For about a year in the middle of the 80s, I worked at Bandito, a Tex-Mex restaurant on 2nd Ave., most of that time as a waiter on the lunch shift. I lived on Pitt St. near Delancey, so on my way to work I passed Moishe's Bakery on 2nd Ave. just below 7th St., next door to Kiev, the Ukranian restaurant where you could get a bowl of split pea soup (if it was Thursday, otherwise mushroom barley) with 2 very thick slices of challah bread with butter for $2.50 and call that dinner.
I started work at 10 or 11, I think, and I'd stop at Moishe's on the way and buy 2 hamantaschen, usually prune but sometimes apricot or raspberry. They were huge, about 4 inches across, buttery, and sweet. I ate those things every day for breakfast for months. One of them would be gone by the time I got to work where I'd put on a pot of coffee and try to leave the second one alone till the coffee was ready.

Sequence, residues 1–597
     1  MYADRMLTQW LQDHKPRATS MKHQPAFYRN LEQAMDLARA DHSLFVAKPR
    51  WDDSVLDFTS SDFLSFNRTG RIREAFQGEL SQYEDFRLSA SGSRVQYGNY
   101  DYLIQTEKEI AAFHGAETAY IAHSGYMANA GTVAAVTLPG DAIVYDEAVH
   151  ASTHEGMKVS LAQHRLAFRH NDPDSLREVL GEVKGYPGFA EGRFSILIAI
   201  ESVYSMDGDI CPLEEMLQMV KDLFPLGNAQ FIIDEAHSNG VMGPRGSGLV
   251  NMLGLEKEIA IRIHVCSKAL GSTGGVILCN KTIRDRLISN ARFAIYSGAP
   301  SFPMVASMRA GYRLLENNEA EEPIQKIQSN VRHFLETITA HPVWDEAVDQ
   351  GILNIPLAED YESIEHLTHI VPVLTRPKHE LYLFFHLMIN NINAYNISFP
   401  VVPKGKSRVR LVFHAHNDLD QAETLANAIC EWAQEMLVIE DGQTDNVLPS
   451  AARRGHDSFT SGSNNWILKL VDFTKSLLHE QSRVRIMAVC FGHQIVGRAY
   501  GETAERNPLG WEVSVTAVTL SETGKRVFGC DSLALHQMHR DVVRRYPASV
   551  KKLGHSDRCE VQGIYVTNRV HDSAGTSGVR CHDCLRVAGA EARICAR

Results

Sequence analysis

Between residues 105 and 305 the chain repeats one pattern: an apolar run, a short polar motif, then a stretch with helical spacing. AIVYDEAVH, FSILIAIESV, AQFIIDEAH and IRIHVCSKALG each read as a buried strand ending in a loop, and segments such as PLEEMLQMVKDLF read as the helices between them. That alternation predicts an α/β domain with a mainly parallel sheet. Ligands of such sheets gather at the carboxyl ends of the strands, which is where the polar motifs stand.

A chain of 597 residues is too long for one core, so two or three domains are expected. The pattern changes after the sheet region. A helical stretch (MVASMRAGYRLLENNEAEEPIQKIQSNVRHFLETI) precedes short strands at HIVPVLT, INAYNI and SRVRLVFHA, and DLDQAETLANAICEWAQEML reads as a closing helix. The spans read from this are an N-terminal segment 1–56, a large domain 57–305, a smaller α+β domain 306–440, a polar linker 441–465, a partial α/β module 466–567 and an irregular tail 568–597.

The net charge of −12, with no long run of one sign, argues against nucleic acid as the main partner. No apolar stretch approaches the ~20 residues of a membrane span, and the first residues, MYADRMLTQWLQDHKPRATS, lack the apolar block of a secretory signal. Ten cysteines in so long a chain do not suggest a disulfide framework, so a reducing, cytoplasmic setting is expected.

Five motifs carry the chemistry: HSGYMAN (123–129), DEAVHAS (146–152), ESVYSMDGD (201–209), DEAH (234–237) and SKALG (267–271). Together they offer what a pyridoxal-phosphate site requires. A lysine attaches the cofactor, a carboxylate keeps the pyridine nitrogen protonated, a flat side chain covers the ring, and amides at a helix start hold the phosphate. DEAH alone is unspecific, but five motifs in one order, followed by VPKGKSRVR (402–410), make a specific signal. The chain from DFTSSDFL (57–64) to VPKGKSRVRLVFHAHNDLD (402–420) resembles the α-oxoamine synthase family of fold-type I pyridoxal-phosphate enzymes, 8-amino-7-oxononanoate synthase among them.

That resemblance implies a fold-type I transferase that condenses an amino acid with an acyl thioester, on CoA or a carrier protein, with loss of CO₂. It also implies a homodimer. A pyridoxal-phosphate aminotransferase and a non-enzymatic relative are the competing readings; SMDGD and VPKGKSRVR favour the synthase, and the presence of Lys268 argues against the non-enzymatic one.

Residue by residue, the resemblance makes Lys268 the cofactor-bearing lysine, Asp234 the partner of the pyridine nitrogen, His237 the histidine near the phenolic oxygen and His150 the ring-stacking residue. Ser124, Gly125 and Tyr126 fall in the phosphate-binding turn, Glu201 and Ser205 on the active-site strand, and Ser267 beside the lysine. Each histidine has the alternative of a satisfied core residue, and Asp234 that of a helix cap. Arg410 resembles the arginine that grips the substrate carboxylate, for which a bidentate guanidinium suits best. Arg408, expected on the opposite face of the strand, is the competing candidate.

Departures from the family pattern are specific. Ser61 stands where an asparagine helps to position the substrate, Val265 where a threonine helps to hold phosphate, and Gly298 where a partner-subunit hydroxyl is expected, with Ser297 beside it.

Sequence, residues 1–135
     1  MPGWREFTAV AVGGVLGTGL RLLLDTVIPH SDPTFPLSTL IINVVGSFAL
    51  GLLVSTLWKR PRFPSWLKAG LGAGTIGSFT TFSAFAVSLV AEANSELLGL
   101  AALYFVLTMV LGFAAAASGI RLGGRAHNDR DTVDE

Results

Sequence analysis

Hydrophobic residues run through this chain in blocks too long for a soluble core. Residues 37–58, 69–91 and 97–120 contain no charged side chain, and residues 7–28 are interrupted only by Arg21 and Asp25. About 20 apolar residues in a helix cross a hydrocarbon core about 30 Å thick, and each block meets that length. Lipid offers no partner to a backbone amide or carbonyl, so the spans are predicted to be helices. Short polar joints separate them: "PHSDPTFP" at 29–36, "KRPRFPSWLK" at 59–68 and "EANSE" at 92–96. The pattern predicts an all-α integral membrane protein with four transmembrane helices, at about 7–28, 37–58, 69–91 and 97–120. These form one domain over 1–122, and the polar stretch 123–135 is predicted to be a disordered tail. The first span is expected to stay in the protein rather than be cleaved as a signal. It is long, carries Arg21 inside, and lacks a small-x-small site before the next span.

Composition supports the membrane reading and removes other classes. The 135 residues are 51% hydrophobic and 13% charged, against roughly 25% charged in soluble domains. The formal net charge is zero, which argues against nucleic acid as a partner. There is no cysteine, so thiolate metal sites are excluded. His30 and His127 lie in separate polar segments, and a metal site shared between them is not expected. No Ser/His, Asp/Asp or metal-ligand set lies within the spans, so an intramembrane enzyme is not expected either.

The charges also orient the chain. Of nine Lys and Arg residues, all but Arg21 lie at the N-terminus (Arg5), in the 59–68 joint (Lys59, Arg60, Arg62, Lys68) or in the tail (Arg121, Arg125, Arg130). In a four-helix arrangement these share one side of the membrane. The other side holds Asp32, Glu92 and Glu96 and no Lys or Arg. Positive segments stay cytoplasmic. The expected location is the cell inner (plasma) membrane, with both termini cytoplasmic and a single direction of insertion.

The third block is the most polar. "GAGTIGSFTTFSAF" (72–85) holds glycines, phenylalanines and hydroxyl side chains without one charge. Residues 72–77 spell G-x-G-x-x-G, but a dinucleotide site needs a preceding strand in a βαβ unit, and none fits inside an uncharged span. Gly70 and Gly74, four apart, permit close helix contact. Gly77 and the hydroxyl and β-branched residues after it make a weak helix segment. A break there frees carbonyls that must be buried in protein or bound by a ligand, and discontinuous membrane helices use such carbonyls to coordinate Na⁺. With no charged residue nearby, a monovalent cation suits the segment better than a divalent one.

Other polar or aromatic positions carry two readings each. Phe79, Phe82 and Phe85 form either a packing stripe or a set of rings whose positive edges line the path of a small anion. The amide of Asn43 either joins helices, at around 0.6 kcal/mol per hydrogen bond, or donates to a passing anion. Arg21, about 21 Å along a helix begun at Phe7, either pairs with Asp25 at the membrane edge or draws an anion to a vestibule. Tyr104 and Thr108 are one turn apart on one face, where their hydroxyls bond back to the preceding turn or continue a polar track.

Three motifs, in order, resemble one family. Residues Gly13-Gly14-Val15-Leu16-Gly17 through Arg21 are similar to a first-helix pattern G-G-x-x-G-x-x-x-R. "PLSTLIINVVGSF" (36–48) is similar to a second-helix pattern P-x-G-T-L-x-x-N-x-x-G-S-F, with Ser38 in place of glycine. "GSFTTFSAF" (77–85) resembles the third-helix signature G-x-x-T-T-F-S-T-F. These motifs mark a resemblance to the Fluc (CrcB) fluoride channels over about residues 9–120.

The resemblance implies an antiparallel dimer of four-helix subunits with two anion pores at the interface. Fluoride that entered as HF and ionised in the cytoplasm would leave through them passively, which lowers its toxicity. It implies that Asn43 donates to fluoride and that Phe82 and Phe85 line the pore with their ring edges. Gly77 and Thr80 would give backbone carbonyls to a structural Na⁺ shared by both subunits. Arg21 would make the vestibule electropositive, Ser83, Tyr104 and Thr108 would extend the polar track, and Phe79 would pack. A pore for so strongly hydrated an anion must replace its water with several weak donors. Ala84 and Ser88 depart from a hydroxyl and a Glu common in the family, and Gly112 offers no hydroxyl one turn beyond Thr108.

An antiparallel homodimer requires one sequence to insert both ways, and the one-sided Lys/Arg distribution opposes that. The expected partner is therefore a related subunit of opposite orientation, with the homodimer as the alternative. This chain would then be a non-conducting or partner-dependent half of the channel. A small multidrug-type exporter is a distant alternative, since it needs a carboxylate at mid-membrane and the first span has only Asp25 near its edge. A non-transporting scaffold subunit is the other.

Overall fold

I had no idea then that hamantaschen were associated with Purim. Moishe's made them every day. I'm embarrassed to say that I didn't even know at the time that Moishe's was a Jewish bakery -- even with a name like Moishe's! I think I just thought it was Ukranian since so much of that part of the East Village was, back then.
I think Moishe's, incredibly, is still there. I'm pretty sure Kiev is not.
My friend Amy, who used to blog about Jewish parenting, published her grandmother's recipe. It doesn't look to hard. I told C that maybe I'd try to make some this weekend. Or maybe I'll make a pilgrimage to Moishe's.